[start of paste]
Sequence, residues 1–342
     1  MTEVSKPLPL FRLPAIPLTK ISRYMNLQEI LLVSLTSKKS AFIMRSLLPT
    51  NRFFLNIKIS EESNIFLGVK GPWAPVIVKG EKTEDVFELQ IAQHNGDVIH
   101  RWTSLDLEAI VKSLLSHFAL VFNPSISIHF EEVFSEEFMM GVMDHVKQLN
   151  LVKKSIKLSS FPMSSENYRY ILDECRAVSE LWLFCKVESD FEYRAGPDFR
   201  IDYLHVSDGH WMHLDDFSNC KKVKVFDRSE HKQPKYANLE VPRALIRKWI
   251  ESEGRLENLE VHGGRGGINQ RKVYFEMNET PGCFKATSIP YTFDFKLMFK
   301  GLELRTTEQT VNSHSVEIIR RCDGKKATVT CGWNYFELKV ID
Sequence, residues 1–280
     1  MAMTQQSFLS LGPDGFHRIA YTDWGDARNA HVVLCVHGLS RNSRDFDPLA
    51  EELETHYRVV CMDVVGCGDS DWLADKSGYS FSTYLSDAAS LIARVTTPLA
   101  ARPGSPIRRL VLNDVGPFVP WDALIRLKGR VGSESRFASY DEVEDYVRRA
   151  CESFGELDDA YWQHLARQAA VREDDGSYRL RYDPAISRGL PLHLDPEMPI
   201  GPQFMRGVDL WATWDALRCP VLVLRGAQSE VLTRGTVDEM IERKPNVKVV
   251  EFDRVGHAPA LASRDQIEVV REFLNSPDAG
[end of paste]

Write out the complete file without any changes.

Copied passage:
Sequence, residues 1–342
     1  MTEVSKPLPL FRLPAIPLTK ISRYMNLQEI LLVSLTSKKS AFIMRSLLPT
    51  NRFFLNIKIS EESNIFLGVK GPWAPVIVKG EKTEDVFELQ IAQHNGDVIH
   101  RWTSLDLEAI VKSLLSHFAL VFNPSISIHF EEVFSEEFMM GVMDHVKQLN
   151  LVKKSIKLSS FPMSSENYRY ILDECRAVSE LWLFCKVESD FEYRAGPDFR
   201  IDYLHVSDGH WMHLDDFSNC KKVKVFDRSE HKQPKYANLE VPRALIRKWI
   251  ESEGRLENLE VHGGRGGINQ RKVYFEMNET PGCFKATSIP YTFDFKLMFK
   301  GLELRTTEQT VNSHSVEIIR RCDGKKATVT CGWNYFELKV ID
Sequence, residues 1–280
     1  MAMTQQSFLS LGPDGFHRIA YTDWGDARNA HVVLCVHGLS RNSRDFDPLA
    51  EELETHYRVV CMDVVGCGDS DWLADKSGYS FSTYLSDAAS LIARVTTPLA
   101  ARPGSPIRRL VLNDVGPFVP WDALIRLKGR VGSESRFASY DEVEDYVRRA
   151  CESFGELDDA YWQHLARQAA VREDDGSYRL RYDPAISRGL PLHLDPEMPI
   201  GPQFMRGVDL WATWDALRCP VLVLRGAQSE VLTRGTVDEM IERKPNVKVV
   251  EFDRVGHAPA LASRDQIEVV REFLNSPDAG